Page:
Jace: There’s history between Len and Cliff Bentley.
Jace: Len made a promise to PC Hopkin’s widow. Why is there such enmity between these two men?
Sam: Well um, Clifford Bentley is responsible for PC Hopkin’s death. Um, and uh, he didn’t have enough evidence to catch him, um and uh, he knows that. They got him for a different robbery, he got a shorter sentence, um, he’s, he’s um, you know, anti-hero. He’s kryptonite, and I think that character needs it, because the Clifford Bentley force is the thing that ends up driving the whole narrative of the case, essentially, because it completely blindsides Bradfield, and um, you know, leads to his death ultimately.
Jace: What was it like shooting the scene where you square off against Alan Armstrong? What was it like working with Alan?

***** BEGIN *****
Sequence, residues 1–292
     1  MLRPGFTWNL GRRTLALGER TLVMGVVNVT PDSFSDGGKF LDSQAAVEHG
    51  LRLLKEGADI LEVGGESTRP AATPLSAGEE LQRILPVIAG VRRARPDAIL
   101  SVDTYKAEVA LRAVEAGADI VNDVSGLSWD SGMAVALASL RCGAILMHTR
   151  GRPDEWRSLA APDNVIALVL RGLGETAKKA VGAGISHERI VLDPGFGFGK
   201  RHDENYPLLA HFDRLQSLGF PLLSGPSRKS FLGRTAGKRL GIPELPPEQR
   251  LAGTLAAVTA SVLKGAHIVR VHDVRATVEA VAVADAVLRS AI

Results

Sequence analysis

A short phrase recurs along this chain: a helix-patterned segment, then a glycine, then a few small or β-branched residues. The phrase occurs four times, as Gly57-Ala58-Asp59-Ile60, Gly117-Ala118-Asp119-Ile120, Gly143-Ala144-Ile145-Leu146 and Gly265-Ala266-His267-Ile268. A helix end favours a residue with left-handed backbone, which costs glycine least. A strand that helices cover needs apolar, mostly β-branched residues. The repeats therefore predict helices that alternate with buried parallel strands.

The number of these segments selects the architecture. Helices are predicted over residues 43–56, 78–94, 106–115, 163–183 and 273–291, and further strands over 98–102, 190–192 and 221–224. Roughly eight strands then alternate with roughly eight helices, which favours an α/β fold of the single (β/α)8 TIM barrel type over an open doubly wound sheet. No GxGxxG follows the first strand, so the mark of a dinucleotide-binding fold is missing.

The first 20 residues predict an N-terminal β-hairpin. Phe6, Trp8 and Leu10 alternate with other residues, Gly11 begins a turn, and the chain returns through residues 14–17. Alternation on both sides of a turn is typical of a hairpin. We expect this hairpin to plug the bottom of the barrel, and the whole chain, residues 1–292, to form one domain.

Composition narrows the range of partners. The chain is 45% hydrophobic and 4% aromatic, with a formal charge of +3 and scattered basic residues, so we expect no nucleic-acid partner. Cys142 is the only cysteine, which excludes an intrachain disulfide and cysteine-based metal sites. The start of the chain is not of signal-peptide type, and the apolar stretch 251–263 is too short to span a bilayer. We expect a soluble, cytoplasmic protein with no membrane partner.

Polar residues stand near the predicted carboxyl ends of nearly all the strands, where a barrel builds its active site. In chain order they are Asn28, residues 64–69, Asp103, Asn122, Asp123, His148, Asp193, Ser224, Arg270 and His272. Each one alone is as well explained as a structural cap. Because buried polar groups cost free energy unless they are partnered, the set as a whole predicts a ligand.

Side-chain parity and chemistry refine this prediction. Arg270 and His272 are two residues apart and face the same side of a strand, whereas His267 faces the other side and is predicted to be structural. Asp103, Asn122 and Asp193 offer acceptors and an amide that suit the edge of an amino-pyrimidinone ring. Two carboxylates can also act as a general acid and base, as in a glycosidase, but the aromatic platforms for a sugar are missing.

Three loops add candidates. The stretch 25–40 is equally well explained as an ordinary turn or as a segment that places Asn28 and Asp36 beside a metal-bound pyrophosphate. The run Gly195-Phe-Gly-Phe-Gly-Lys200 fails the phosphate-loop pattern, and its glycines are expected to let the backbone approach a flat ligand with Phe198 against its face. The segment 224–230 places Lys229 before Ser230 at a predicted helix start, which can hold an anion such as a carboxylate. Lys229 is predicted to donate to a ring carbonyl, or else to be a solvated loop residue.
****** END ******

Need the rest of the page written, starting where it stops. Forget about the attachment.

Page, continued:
Sam: It was a lot of cigarette navigation. Alan and I were probably both smoking I think in this scene, and then we were like, trying to work out, where who blows smoke in who’s face. It was very funny, really, but he’s such a wonderful actor, and terrifying, and so I did find it a bit challenging to kind of like face up to him. Originally in the script, it’s a much more violent confrontation, where we get into fisticuffs and push each other around, and and I’m glad that it was taken back a bit to a more realistic meeting of minds.
These, both these men are very calculating, very intelligent, and it was sort of nice, even though they only meet together once in the whole show, it was very nice to see the two of them having a kind of relaxed standoff where they’re just looking at each other. It’s a good kind of entranceway to the rest of the plot I think.
Jace: I mean, you’re sort of thinking, where is this one case going, and this other case, and then they sort of come together. Do you think that, that he represents sort an outmoded style of policing with his sort of threats of sending a welcome party to, to Cliff.